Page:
One of my long term training patients had a very instructive heart related experience. Some of you may know this man from Tempus. Polar Heart Rate data saved this guy from winding up in permanent Atrial Fibrillation and thus multiple drugs and a decreased quality of life.
So…he is Italian; turns out he loves coffee but not quite as much as life. While coffee is wonderful and generally healthy, my morning coffee ritual is one of the highlights of my day, for some it can be a problem. Multiple well done studies have shown reproducible health benefits across large populations and interestingly enough the benefits have been shown with caffeinated coffee but not with decaf. So this is not an anti-coffee screed. And it is not about populations; it is about an individual and how all medical and health related issues need to be addressed: one individual at a time.
While how this young man, 68, went from needing bypass surgery 10 years ago to being an indefatigable athlete in amazing shape and health without that surgery is an amazing story, the story recently took a new turn worth telling. Many of you know he never had that bypass by the way. He avoided that surgery the Tempus Way.
OK, what’s new? His hill sprints for several years now have been built around a maximum heart rate of over 170 beats per minute (bpm). Well, when Tempus closed and in the light of our long, very long standing knowledge of his heart rate response to exercise we, OK I, got a little sloppy about always wearing his heart rate monitor. He finally started wearing his watch again and I noticed his heart rate during recovery, which had previously been spectacular, would hang up at around 150. In fact it would skip back up to the high 150’s and then down to high 140’s and so on. Hmmm. Got my attention. Next point; we noticed his previously very low resting heart rate had taken a 20 beat jump. Now this all unfolded over several training days. I would take his pulse by hand and watch the watch and so on and it became clear that at around a heart rate of 150 he would flip into Atrial Fibrillation. Not good. So with that information I restricted his heart rate to below 150 for each repeat hill interval and at this level he did not trigger his A Fib. Good but still something wrong with this story. Perhaps his coronary artery disease had returned. On questioning it turned out he was drinking a lot more coffee. Not a lot by most people’s standards but more than we, several years before, had found ideal for his insulin resistance and heart rate response to exercise. OK guy, stop drinking coffee.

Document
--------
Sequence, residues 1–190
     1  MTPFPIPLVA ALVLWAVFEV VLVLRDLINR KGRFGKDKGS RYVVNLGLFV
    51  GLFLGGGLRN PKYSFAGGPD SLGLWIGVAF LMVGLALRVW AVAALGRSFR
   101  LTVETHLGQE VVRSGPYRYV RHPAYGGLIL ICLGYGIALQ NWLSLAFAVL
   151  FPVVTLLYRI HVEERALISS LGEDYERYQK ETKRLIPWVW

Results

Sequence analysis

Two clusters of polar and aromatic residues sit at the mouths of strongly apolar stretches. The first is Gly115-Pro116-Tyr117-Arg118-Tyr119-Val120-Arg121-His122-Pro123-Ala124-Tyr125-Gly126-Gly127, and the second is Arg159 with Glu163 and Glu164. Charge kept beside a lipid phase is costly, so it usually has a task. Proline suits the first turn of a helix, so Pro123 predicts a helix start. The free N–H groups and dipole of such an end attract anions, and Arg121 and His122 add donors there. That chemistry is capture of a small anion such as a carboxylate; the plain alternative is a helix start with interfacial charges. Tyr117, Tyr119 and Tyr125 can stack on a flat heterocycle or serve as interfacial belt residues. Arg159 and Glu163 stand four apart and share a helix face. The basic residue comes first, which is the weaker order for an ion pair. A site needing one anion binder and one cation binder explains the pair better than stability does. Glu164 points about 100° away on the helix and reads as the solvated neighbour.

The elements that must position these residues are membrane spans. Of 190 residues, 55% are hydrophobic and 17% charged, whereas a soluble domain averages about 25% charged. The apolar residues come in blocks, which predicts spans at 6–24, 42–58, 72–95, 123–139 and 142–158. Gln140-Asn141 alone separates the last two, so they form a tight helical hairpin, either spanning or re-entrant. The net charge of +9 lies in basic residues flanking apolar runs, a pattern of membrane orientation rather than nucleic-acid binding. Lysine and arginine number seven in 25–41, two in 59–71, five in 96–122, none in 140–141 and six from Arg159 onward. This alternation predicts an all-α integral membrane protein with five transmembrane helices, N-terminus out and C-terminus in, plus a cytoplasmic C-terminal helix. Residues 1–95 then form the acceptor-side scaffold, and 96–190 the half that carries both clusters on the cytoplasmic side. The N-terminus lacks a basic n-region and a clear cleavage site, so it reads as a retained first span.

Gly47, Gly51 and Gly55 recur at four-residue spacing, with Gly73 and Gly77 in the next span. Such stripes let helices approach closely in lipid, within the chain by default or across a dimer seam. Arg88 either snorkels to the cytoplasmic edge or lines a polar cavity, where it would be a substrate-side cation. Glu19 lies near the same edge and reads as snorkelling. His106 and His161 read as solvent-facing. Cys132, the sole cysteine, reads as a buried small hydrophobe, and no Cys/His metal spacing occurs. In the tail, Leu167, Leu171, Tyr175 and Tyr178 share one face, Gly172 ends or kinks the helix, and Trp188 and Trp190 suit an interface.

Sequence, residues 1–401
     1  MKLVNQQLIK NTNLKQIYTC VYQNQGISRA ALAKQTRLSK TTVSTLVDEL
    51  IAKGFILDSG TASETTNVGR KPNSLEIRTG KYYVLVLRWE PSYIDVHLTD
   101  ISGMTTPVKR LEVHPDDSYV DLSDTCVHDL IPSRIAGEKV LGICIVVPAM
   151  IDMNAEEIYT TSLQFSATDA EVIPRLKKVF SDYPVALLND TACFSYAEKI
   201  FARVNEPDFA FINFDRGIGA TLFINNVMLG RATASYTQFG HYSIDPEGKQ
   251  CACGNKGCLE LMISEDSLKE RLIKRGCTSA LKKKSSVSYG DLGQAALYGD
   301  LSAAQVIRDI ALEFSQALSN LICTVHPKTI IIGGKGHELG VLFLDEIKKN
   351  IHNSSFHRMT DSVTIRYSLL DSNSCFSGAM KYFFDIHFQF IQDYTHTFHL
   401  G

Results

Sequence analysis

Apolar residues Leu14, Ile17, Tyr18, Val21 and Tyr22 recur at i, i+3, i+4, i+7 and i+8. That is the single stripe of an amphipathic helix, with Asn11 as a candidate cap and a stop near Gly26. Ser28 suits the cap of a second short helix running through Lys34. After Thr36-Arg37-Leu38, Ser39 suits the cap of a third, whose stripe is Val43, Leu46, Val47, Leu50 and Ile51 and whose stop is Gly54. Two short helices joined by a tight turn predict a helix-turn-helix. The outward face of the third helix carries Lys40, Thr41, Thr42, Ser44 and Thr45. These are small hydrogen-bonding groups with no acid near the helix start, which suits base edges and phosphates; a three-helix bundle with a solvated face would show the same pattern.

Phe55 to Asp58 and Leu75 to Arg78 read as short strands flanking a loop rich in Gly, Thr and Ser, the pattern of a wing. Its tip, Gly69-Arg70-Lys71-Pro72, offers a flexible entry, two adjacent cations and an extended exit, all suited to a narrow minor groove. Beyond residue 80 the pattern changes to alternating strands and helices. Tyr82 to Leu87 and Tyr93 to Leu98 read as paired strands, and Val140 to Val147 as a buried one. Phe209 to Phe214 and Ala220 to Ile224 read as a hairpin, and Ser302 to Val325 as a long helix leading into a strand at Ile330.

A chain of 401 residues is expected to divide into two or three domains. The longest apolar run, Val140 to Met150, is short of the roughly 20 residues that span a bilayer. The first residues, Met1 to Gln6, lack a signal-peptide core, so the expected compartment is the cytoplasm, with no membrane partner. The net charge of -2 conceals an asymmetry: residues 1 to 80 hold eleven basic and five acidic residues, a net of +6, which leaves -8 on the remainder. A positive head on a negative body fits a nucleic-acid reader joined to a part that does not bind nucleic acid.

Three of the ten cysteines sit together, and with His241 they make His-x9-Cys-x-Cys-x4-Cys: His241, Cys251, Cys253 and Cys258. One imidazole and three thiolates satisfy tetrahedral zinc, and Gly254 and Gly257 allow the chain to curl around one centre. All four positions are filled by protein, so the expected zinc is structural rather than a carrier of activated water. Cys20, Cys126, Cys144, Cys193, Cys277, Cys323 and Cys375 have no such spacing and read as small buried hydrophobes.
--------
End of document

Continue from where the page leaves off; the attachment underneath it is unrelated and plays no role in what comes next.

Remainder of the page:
Within two weeks his resting heart rate had returned to its previous low value and more importantly his A Fib is no longer triggered. Again this morning, Thursday the 6th of August, I let him off the leash a little bit and ran him till his heart rate was 160; no problem, no more A Fib with a great and smooth recovery heart rate. This is the 3rd training day with this beautiful result! Gradually I will work him back up to the 170 bpm range and beyond should he and his heart want to do that. Very cool. Now there is some detail in this story about safety issues and procedures but this outline leaves none of the salient points out of the story. The take home? Never train without your heart rate monitor. If you are training in such a way that the monitor is not a safety issue then you are not training in a range that will have the desired effect on heath.
So what to think about coffee? For most people, most of the time it is just fine. If, however, like the man in this story, you discover a problem consider whether coffee is the culprit as it certainly can be. For example if you note palpitations, poor sleep, decreased urinary stream, hand tremor, irritability, the list is long, try a two or three week period of abstinence and see if the symptom(s) goes away.